• You can add teams more quickly than with most other approaches. Each new team should ideally include at least 2 members of the previous team. This means that possibly as soon as after 2 or 3 sprints, a team of 8 people could conceivably be split into four 2-person groups used to seed a second set of teams. If each of those 4 teams had 8 people you would have 32 Scrum team members. A few sprints later these 32 people could be used to seed 16 more teams, each with 8 team members for a total of over 100 Scrum experienced people after only 5 or 6 sprints.

• Each team has someone with Scrum experience to help guide them. Only the very first teams to transition will be forced to do so without someone on the team with Scrum experience. All subsequent teams will benefit from having at least two (and hopefully three or four) team members with at least a couple of sprints of experience under their belts. This can help reduce the discomfort some people will feel about transitioning to something new and unfamiliar.

Reasons to Prefer Grow and Split
The grow-and-split pattern spreads Scrum a bit more slowly than does the splitand-seed approach but comes with some key advantages.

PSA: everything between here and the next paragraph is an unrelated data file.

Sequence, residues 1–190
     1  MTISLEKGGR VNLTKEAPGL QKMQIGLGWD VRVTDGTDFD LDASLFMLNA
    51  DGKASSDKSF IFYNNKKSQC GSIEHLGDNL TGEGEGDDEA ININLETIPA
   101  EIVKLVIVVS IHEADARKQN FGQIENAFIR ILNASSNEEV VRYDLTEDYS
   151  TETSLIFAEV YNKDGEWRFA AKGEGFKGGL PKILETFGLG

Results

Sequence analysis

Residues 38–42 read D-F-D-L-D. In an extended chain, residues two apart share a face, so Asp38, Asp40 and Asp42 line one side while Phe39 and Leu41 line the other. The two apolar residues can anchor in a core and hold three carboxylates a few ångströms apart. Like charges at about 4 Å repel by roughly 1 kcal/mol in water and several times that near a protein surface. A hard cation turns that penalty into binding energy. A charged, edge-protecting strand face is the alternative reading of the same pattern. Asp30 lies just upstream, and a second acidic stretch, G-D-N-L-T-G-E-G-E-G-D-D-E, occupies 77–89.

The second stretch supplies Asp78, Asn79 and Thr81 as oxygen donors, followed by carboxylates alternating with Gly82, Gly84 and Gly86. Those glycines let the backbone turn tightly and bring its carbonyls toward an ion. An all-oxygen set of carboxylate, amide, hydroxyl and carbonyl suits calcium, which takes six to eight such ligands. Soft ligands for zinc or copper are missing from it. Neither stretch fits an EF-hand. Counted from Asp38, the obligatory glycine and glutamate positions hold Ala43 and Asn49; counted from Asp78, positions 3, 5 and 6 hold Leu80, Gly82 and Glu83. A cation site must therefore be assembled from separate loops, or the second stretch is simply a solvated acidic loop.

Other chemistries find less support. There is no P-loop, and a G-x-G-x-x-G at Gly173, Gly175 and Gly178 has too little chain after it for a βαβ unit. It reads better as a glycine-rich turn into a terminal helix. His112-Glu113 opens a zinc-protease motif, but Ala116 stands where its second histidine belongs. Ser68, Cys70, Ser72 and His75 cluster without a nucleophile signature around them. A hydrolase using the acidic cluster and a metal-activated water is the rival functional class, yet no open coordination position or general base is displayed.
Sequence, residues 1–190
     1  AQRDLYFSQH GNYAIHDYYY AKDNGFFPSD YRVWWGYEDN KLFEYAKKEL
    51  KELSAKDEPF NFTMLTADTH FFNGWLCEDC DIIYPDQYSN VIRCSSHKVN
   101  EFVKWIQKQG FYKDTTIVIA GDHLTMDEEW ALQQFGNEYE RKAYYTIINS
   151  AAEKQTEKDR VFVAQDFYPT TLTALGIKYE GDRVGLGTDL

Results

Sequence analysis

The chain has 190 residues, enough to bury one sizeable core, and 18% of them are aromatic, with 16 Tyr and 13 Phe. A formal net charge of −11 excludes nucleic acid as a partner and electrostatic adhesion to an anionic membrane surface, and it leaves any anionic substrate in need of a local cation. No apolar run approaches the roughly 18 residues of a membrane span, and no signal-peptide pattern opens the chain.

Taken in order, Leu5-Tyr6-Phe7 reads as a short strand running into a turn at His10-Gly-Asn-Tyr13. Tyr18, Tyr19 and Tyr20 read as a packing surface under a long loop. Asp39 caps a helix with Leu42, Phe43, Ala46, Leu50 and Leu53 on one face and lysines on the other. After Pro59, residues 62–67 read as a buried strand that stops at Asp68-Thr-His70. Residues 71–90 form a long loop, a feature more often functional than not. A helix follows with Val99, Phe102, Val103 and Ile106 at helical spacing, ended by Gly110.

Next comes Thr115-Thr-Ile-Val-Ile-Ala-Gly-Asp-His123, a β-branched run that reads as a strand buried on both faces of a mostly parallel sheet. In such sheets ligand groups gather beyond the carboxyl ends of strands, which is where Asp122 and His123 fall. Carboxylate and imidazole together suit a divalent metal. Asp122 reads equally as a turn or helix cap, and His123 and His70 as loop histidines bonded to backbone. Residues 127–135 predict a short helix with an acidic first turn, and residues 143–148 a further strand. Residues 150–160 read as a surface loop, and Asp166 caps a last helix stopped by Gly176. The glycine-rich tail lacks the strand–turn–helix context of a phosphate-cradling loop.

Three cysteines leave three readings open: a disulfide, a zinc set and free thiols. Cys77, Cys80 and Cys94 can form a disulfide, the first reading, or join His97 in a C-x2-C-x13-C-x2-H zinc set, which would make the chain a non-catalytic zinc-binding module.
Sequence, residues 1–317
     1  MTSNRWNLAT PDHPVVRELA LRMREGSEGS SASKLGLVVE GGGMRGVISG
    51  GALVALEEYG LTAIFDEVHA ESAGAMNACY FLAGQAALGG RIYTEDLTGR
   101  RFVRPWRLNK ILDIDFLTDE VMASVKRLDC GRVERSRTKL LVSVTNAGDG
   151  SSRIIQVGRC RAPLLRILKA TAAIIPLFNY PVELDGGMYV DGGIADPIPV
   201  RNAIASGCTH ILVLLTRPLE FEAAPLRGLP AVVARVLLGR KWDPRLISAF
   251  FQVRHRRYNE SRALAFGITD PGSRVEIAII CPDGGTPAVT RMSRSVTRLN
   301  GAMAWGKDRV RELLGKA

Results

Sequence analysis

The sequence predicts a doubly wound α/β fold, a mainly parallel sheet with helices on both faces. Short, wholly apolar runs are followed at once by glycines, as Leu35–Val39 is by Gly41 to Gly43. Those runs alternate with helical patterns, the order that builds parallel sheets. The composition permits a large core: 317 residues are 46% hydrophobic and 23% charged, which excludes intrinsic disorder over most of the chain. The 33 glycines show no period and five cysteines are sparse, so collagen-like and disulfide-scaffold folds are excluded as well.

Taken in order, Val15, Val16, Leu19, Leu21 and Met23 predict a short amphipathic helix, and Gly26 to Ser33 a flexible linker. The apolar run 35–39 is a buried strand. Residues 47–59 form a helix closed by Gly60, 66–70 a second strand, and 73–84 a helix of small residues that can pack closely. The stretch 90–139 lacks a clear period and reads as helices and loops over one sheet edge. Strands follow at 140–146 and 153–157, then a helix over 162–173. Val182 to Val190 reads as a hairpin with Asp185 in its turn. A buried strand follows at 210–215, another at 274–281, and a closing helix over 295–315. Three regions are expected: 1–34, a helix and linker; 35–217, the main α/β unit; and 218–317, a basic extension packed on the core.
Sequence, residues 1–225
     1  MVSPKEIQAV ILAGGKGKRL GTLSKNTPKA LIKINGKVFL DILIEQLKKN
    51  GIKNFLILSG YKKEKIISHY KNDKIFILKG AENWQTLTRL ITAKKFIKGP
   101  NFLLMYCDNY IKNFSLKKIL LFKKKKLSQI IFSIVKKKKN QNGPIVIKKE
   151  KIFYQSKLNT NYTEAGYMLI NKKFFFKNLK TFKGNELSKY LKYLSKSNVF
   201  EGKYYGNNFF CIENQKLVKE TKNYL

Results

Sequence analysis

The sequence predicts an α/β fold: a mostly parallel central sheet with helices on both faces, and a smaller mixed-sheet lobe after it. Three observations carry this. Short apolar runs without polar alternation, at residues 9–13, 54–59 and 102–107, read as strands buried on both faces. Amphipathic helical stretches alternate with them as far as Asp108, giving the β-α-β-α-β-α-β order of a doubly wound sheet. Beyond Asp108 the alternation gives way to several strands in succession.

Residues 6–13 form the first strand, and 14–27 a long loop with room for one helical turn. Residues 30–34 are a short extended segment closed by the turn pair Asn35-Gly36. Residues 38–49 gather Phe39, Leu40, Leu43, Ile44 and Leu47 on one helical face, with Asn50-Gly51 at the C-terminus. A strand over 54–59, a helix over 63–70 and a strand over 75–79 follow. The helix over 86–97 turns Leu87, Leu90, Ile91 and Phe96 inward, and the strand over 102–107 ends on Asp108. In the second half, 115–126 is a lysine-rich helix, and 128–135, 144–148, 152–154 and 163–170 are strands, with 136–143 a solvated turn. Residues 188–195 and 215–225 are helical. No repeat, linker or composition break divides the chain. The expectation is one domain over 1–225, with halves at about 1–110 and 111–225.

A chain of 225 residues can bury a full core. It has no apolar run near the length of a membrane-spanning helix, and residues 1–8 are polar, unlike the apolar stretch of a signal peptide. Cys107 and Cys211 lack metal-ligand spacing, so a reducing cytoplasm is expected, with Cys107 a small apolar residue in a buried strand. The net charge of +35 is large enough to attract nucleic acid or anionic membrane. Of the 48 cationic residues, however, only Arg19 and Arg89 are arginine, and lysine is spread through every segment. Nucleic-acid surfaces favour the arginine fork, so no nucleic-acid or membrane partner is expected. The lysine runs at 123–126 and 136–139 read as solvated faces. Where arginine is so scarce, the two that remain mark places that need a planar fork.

• You don't have to destroy any existing teams. The primary problem with the split-and-seed strategy is that teams who are just starting to jell and get a handle on Scrum are demolished to form the basis of new teams. Breaking up a good team is always something that should be done with caution. Growing the team before splitting it overcomes this shortcoming because the team is kept together until it is large enough to form two complete teams, each with agile experience.

• Team members feel more continuity from sprint to sprint. When using the split-and-seed pattern, teams are constantly being split and reformed before a true sense of team camaraderie is established. Because the growand-split approach divides a team only when it has gotten too big, members can stay together longer, and there is less feeling of disruption.

Reasons to Prefer Internal Coaching
The internal coaching approach is generally my preferred approach. Not surprisingly, there are a strong set of advantages to it, including the following: